In this era of the neo-liberal academy, establishing an academic journal is a labor of love and hope. In this article, I celebrate the dedication and commitment of its many contributors and reflect on the value of the arts and humanities to the mobilities paradigm. I do that from the perspective of a feminist historian from a settler colonial polity in the southern hemisphere, where uneven mobilities and the violence of dispossession continue to shape national life. I consider how a mobilities framework that derived from the northern hemisphere has spoken to the intellectual and political projects that played out in a colonial settler nation in the southern hemisphere.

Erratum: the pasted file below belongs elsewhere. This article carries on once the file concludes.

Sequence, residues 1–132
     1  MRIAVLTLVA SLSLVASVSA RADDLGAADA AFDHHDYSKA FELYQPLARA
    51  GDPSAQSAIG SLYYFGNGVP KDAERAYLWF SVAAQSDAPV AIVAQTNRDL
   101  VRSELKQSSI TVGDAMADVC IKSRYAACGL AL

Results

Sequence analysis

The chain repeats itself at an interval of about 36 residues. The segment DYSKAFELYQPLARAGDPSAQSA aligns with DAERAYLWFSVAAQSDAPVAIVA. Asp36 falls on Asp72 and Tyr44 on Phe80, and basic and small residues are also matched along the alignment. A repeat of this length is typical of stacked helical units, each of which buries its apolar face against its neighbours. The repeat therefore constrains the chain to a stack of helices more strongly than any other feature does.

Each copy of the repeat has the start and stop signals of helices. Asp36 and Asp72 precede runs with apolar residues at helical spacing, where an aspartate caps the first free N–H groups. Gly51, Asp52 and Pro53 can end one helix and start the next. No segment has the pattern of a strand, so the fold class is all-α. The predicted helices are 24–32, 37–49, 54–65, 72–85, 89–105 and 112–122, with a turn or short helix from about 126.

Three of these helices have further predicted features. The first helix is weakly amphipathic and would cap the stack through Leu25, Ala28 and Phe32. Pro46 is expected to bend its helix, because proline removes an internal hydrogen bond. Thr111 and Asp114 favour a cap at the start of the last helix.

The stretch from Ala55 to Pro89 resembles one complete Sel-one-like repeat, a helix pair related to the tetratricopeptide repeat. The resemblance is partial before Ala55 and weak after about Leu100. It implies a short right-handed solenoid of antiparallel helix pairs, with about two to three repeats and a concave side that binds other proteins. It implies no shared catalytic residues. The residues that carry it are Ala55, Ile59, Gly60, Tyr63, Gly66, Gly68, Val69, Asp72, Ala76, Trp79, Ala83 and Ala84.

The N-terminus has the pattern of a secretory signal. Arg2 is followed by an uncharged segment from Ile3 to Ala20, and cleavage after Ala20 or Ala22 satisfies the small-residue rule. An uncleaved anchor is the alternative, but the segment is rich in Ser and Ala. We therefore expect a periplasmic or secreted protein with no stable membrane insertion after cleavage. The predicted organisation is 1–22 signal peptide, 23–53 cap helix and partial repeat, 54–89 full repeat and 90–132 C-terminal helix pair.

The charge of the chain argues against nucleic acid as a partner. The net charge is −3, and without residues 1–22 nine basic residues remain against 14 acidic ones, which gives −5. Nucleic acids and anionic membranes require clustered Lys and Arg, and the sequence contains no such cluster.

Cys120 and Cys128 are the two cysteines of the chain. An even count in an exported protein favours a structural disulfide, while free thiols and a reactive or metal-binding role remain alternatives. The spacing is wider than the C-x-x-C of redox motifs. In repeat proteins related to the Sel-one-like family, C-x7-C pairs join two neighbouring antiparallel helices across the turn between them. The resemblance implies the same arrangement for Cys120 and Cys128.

Georgine Clarsen is a recently retired academic historian who lives in Wollongong, NSW, Australia. She was a member of the founding editorial team of Transfers and has a continuing academic interest in gender and mobilities and the ways Indigenous peoples in Australia have shaped automobility according to their own needs and cultural imperatives. Email: firstname.lastname@example.org